Posts Tagged ‘college’

Slice of Life Tuesday: School Shopping, Redux

August 10, 2021

This post is part of the weekly Slice of Life challenge from Two Writing Teachers. Check them out!


It’s no secret that school supplies give me joy. For me, and for many folks I know, it’s why I got into teaching. Yeah, yeah, there’s all that noise about making a difference and touching the future, but have you seen a perfectly pink eraser?

I’m not a shopper, but I could spend all the time in the world browsing notebooks, pencils and art materials. If, for any reason, you need to keep me occupied for an hour, just drop me off in the middle of the school supply area of any store.

So way back when my children started school, I had visions of us shopping for school supplies together (please tell me you see where this is going). I dreamed of sharing – of reveling! – in the sheer delight that can only come from a new pack of colored pencils. We’d go through the school supply list, using our time in the aisles to bond and get excited about the school year to come.

My expectations for school shopping and the reality couldn’t have been any different. The kids whined, fought with each other, and were completely uncooperative. Any joy I had about markers, glue sticks, or pristine journals was promptly stomped to bits by constant squabbling and complaints.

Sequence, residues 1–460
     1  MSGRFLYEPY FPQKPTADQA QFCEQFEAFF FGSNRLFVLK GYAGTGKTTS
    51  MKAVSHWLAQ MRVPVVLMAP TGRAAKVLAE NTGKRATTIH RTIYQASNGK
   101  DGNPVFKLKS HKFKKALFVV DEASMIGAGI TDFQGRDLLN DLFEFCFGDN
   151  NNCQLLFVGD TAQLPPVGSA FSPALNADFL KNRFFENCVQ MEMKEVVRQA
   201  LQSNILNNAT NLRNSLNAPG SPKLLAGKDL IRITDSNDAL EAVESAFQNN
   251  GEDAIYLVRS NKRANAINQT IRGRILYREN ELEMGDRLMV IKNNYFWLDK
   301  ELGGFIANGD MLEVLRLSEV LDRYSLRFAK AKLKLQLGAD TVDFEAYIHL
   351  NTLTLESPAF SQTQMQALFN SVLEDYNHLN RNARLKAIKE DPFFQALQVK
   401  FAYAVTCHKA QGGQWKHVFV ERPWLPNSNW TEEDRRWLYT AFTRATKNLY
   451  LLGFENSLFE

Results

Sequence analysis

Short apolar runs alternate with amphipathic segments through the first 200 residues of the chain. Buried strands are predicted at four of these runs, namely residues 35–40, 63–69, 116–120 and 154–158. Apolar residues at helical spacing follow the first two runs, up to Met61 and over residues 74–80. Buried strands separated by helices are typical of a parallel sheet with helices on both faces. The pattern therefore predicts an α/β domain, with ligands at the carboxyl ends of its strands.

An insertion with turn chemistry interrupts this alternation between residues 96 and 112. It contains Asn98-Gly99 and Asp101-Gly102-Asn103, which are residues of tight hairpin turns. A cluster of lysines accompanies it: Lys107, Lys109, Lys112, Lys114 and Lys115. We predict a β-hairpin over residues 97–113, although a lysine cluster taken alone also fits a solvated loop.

It took me a few years of torture, but I eventually figured out that the best thing for all involved was to grab the list and do the darn shopping myself. My kids didn’t really care what I bought them, so long as they had what they needed that first day. (Actually, that’s not entirely true. My older son developed a preference for matching folders, binders and notebook color for each of his subjects, even choosing colors that he felt were suitable to the class at hand. Hope springs eternal…) Once I figured that out, it freed me once again to enjoy that time – alone! – with the school supply list.

So.

Why on earth did I think that college preparation would be much different?

This time, I pictured my younger son and me cruising through the stores with our shopping list, chatting and dreaming about college life, how the dorm room was going to come together, (now please tell me you see where THIS is going!) what sorts of things he’d need to survive the transition, literally and figuratively. Or perhaps we’d be huddled together around my computer, comparison shopping the best blankets and power strips.

Yep. That…wasn’t a thing.

By the time we made it through one store, I knew we had both had enough. I felt the grey hairs sproinging one by one. Did you know that it’s possible to get stressed out over hangers? Or pillows? Or room fans? Or coffee makers? Sproing. Sproing. Sproing.

So now, I’m clicking and shopping. By myself. I’ve got my chai tea, a trusty dog for company, and the satisfaction of knowing I can do this, pain and conflict free. Lap desk? Check. Ethernet cords. Check. Ironically-chosen pink blanket for the dorm bed? Checkitty check.

And really. Isn’t that what most of parenthood – most of life – is about? Releasing ourselves from expectations so that our current reality becomes easier to focus on?